Shop ‘till you drop
Shopaholics should head to Jungfernstiegstrasse, which provides plenty of quality department stores and boutiques. When hunger strikes, Hamburg offers diverse cuisine, from local fresh fish to foreign specialities. The city started brewing in medieval times, so beer dominates its social life and it’s difficult to choose between the huge variety of bars and pubs.
A run for your money
Finally, if you plan to go to Hamburg a couple of days before FESPA Digital’s kick-off and would like to warm up for the show’s free-running theme, you could join the 26th Hamburg marathon, taking place on the 22nd May (www.marathon-hamburg.de). The race goes through one of the most beautiful areas of the city, including a long stretch along the River Elbe and another around the Alster Lake. You might even encounter FESPA’s own marathon man, sales and marketing director Marcus Timson, on a training circuit of the lake.
Hamburg fast facts:
- Hamburg takes its name from a fortress ordered to be built by Emperor Charles the Great in 808AD against Slavic incursion and called Hammaburg, where “burg” means fortress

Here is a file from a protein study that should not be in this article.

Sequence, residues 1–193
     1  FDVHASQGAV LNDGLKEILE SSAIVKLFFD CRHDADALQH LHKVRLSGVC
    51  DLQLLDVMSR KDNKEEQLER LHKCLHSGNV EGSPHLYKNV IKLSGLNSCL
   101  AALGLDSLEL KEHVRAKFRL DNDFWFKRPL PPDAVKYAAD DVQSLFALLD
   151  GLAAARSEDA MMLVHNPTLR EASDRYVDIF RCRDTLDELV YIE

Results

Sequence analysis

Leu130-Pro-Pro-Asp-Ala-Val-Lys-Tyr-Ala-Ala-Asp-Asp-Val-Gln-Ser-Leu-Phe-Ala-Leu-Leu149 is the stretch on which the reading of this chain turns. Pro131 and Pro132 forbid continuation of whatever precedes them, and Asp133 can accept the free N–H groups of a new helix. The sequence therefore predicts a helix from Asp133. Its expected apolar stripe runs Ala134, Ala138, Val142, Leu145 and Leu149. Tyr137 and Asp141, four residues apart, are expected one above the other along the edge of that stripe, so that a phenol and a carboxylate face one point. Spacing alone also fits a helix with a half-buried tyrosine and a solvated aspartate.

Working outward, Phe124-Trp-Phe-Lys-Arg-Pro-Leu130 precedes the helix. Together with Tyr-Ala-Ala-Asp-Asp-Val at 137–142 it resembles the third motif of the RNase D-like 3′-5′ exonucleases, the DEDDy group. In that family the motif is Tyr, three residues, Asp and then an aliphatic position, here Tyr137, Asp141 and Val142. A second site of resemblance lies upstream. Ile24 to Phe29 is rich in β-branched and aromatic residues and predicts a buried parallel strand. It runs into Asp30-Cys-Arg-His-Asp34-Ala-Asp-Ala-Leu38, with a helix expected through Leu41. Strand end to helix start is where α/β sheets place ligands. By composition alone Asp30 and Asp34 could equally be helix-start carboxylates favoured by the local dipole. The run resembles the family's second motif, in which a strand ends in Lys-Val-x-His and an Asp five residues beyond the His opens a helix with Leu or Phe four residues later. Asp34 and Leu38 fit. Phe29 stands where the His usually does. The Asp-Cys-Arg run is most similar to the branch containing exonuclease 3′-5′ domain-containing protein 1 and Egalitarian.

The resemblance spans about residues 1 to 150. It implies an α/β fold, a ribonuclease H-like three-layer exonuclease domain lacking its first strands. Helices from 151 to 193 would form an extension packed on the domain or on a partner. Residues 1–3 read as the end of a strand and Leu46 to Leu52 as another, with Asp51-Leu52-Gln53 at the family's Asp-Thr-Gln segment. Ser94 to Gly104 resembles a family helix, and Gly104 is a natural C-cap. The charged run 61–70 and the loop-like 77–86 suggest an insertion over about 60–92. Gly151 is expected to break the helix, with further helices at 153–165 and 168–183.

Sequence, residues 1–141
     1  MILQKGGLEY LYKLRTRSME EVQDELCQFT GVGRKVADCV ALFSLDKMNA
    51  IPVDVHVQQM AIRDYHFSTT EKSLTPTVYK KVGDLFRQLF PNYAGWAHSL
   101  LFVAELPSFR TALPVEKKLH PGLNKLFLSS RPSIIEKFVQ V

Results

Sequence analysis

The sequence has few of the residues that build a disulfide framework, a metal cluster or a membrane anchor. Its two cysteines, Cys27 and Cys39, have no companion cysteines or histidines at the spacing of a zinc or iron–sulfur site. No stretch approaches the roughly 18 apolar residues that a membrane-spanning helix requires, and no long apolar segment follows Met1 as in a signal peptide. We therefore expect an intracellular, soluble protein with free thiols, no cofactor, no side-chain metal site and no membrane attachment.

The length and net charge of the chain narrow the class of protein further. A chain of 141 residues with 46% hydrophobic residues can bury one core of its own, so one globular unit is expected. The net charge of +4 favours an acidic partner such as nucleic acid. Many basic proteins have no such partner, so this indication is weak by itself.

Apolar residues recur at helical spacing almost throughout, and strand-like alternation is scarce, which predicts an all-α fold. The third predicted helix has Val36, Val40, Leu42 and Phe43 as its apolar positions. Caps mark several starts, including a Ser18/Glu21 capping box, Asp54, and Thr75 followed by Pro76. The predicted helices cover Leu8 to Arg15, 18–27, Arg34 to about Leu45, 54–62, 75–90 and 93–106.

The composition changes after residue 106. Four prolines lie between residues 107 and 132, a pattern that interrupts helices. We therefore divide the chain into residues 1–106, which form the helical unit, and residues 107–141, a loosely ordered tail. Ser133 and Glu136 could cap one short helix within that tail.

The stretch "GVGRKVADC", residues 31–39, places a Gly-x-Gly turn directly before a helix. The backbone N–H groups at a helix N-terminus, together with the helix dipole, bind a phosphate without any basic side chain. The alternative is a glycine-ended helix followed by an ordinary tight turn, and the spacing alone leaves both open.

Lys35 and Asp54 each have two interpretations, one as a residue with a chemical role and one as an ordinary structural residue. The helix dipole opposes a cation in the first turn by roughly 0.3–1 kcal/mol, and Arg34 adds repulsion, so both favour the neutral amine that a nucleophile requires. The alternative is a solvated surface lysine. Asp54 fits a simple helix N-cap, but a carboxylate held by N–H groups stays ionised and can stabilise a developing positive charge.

- Hamburg's official name is the Free and Hanseatic City of Hamburg
- In total there are more than 120,000 enterprises in Hamburg, with over 70,000 people working for the city’s vibrant media landscape
- Hamburg was destroyed and occupied several times: as well as several great fires, it was ransacked by the Vikings in 845, burned down by King Mieszko II of Poland in 1030, and in 1350 at least 60% of Hamburg’s population were killed by the plague
- The famous St. Nicholas's church was the world's tallest building in the 19th century
- There are more than 40 theatres, 60 museums and 100 music venues and clubs in Hamburg. In 2005, more than 18 million people visited concerts, exhibitions, theatres, cinemas, museums, and cultural events.
- The beef patties in a bun were named after this city but you won't find any "traditional hamburgers" in Hamburg. The original ‘hamburgers’ were sold on stands in the New York City harbour, and, to attract German sailors, were offered as "steak cooked in the Hamburg style."
Hamburg websites of interest:
The main Hamburg Tourism site- http://www.hamburg-tourism.de/en/ - provides a comprehensive overview of the city, including:
- The Hamburg Card for free public transport and discounted events
- Hamburg hotels
- Hamburg transport
- Overview of Hamburg’s interesting sites
- Hamburg events and nightlife
- Hamburg city tours
- Tourist information centres
- Hamburg city map
- A guide to markets and festivals in Hamburg
For restaurant guides and reviews visit: http://www.marcellinos.de/
[Picture shows Hamburg, with credits to HMC C.Seigert]